We’re in this moment where a lot of people want to have conversations about the “state of D.I.Y.” in New York City. A lot of spaces have closed, and people want to talk about the legalization of D.I.Y. spaces and the future of the D.I.Y. community in New York. These are a really important conversations, but they’re constantly framed as the “state of D.I.Y.” I feel like that’s such a hollow term at this point. It’s something that has been completely commodified to the point of being meaningless, not unlike words like “independent.” Plus it gets us into these situations of finger pointing about what is “D.I.Y.” and what is “not D.I.Y.”

Independence is another difficult term because we’re in a moment where the entire world around us is so mediated by corporate platforms that nearly every decision we make is one about whether or not to engage with a platform that is at odds with our values. Trying to put spaces, platforms, bands, and labels under these umbrella terms is kind of a waste of time. What’s really more productive is to have more nuanced conversations about how they work, how power and money are distributed throughout them and to what ends, why they matter, and why we need to protect and support them.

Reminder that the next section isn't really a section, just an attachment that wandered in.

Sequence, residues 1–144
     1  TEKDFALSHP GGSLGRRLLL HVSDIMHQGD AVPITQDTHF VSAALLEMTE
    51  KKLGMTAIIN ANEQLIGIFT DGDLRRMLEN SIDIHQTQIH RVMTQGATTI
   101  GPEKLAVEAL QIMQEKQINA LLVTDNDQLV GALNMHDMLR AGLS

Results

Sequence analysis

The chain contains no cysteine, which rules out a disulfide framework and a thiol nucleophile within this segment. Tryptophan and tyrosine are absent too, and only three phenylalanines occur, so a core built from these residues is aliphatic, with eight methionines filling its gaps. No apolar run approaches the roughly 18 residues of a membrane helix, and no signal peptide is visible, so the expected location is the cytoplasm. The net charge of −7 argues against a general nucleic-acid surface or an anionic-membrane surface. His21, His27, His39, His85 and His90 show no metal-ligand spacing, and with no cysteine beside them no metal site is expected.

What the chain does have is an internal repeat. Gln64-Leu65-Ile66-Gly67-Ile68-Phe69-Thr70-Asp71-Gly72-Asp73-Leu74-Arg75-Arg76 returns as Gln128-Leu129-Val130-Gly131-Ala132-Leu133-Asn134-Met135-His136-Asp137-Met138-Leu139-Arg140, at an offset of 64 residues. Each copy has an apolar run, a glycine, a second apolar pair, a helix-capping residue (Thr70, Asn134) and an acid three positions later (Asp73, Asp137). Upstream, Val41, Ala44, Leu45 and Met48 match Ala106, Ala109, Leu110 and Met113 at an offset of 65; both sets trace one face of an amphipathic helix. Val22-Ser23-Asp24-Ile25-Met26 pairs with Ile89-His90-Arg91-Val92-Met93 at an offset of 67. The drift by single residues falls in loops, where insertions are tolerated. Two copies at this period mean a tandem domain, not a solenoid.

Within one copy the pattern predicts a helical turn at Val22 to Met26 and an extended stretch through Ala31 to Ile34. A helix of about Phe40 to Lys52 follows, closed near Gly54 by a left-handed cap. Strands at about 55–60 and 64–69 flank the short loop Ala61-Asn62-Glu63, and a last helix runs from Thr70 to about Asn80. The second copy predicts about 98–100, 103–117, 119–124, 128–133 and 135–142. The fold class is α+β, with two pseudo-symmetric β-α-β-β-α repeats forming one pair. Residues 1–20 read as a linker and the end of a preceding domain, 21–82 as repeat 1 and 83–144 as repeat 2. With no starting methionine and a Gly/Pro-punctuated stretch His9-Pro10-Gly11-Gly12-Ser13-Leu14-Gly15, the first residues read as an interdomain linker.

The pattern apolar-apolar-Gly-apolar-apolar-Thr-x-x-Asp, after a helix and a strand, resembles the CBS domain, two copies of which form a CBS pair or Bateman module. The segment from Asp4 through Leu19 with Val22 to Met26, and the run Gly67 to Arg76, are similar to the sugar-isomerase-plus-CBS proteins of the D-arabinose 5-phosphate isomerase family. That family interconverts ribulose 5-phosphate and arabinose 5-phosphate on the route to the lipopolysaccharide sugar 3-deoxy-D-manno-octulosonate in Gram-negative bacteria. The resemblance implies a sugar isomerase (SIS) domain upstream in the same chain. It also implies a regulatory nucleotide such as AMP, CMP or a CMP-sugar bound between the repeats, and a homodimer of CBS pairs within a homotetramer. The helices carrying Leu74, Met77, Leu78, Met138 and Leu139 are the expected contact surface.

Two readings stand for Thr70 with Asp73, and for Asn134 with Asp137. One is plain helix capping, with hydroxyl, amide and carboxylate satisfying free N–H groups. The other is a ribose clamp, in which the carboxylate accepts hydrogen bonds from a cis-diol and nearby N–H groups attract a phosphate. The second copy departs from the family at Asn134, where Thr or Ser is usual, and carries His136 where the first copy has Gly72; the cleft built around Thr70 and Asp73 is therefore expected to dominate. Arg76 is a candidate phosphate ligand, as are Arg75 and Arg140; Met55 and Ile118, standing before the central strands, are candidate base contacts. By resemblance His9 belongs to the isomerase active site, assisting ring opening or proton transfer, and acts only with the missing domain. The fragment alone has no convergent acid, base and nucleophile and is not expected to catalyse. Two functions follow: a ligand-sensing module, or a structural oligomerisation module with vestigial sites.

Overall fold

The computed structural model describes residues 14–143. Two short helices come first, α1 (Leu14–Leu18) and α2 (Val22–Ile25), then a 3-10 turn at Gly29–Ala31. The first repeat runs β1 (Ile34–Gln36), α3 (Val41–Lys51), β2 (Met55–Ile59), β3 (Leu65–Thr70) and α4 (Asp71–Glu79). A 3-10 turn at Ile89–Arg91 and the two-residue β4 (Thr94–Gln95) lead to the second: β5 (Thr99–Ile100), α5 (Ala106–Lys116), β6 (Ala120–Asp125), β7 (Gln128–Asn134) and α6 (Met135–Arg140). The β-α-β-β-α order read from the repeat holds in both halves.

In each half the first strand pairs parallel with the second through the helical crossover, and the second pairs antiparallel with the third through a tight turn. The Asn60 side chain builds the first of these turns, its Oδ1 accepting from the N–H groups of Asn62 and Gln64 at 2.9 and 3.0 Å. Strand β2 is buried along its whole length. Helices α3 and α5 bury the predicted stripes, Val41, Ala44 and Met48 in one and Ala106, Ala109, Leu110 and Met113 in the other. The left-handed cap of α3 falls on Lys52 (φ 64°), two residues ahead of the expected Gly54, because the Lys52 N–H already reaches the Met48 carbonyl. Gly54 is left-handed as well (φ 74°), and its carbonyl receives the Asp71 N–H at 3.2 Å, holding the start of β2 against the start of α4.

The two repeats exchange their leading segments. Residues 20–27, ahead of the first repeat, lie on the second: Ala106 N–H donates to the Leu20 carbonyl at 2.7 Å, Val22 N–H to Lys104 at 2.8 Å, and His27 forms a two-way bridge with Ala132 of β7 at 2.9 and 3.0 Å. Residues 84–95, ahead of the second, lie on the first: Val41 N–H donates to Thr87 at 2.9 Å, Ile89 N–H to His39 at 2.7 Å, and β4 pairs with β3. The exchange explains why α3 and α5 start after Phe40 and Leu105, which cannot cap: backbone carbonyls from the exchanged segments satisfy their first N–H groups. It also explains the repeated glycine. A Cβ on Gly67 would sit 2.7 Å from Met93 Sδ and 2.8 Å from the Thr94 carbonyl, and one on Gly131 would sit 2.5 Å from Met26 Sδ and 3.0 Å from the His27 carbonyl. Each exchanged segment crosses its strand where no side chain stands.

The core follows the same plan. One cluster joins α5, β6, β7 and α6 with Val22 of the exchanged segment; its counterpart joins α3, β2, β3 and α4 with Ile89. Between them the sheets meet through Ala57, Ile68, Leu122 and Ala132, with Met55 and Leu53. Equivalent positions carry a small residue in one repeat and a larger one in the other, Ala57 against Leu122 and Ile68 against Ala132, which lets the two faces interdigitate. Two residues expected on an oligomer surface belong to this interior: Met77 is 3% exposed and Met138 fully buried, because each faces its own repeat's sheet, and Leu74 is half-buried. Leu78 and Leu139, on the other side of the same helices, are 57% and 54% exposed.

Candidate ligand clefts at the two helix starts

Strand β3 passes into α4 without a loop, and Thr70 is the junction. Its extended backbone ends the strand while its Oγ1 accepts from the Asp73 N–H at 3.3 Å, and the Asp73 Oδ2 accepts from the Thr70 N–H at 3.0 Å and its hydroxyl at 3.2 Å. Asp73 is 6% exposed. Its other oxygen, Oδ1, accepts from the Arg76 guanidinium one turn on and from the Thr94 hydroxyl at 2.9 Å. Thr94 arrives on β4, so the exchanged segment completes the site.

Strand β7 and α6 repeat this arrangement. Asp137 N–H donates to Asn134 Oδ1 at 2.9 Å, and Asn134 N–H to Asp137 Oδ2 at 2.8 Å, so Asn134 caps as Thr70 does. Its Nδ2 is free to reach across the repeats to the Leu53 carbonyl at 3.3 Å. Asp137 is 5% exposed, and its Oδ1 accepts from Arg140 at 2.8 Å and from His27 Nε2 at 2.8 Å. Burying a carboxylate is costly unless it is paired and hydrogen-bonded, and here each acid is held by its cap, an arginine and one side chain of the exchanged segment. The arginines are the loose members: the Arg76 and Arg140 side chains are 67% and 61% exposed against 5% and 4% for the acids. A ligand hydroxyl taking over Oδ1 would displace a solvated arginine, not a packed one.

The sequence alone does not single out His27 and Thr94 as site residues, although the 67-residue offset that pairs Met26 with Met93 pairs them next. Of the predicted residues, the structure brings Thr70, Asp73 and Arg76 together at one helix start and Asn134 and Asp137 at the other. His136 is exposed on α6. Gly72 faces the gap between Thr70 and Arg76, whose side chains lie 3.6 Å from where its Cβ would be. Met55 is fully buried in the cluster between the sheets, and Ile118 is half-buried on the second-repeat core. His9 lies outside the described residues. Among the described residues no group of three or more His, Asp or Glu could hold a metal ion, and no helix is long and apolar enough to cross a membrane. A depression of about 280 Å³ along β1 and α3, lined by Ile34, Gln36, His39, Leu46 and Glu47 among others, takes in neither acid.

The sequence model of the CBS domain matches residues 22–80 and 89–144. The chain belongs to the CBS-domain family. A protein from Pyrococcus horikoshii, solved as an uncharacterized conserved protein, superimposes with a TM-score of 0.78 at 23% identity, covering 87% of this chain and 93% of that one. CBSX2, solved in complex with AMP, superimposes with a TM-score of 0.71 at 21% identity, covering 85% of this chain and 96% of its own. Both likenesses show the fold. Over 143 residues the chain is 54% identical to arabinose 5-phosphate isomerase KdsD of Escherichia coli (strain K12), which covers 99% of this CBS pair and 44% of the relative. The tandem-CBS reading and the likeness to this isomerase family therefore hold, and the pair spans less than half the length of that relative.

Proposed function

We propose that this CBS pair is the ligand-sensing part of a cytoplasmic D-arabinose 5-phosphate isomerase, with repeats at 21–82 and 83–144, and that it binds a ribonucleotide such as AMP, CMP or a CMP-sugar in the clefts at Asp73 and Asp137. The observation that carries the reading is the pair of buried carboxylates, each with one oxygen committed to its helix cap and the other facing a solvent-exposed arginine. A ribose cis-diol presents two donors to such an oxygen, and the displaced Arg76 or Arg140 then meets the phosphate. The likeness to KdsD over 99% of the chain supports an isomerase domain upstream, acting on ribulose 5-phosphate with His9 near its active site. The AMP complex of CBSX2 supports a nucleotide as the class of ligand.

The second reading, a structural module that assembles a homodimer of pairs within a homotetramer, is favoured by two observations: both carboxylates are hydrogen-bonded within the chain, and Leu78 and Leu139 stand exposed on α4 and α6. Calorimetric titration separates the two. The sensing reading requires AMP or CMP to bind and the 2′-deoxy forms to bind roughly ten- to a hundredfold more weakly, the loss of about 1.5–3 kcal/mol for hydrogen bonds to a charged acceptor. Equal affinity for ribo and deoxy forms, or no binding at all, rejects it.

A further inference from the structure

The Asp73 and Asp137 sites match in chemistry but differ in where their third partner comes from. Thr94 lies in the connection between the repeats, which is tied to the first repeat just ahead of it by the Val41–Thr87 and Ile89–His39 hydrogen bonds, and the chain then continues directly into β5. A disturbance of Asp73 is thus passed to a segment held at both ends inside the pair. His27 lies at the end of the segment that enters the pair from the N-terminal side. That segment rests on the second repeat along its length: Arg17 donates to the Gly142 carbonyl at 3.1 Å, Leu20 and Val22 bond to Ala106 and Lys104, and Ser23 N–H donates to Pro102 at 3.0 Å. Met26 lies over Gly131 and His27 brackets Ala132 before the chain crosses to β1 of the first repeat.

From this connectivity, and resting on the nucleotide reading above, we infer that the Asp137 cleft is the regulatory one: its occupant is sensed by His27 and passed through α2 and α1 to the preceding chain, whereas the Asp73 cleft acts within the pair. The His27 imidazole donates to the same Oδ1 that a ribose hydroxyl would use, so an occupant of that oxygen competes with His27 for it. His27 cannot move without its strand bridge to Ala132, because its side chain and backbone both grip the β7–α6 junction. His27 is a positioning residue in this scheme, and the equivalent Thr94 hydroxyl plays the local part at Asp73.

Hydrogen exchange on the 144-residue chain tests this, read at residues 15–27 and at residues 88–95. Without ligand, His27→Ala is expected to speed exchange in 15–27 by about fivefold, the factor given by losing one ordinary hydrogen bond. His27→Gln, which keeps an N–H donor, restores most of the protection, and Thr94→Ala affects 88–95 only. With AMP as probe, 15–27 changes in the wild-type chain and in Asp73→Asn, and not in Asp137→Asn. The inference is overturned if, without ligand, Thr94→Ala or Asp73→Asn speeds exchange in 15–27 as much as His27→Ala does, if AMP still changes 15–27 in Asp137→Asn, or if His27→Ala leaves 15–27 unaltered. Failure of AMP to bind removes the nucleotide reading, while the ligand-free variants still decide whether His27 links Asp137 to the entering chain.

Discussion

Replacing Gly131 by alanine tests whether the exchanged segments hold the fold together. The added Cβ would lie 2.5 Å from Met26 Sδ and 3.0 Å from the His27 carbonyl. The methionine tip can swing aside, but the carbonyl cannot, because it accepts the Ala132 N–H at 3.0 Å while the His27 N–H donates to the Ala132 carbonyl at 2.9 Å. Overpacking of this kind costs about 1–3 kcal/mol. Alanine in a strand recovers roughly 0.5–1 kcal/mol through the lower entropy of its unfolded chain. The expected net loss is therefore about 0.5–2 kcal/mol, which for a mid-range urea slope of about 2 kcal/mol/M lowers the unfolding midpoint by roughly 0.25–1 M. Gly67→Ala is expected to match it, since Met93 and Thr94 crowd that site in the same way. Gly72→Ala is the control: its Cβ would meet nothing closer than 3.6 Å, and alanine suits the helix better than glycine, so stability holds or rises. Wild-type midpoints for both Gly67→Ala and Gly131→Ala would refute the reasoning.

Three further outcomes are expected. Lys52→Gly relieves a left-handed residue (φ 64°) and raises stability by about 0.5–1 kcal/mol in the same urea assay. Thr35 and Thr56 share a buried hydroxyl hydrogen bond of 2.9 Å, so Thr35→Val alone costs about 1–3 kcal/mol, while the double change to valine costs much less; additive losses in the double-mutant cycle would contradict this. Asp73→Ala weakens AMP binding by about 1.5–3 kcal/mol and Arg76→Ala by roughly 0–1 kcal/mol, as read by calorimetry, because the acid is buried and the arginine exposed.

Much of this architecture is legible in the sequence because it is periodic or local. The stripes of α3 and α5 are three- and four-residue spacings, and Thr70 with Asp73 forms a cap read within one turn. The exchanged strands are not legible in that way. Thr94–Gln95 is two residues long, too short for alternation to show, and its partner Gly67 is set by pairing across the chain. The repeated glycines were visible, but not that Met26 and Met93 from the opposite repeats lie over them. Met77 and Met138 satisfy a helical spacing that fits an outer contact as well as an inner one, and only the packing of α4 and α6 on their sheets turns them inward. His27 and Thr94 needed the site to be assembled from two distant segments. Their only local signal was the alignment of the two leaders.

There are no “D.I.Y.” spaces that are the result of one person’s work by themselves. These are largely collaboratively run projects. I think a lot of people think of “D.I.Y” as doing things on your own terms, not waiting for things to be handed to you, and making stuff happen with whatever limited resources you have. You’re not relying on someone with a lot of money to come along and tell you that you can do something. People are saying, “We want to do this. We’re going to do it regardless of whether we have enough money to bring the space fully up to code or if we have enough money to have hired staff, or whatever. We’re just going to do it.” Obviously that’s something that people should continue doing. It’s important for people to feel that sense of agency and feel like if they want something to happen in the world, they should be able to do it on their own terms—whether or not someone gives them permission to. But that is only one of the many approaches that you can take when doing something on your own terms. It would be cool if we could come up with a whole new vocabulary to describe these types of spaces.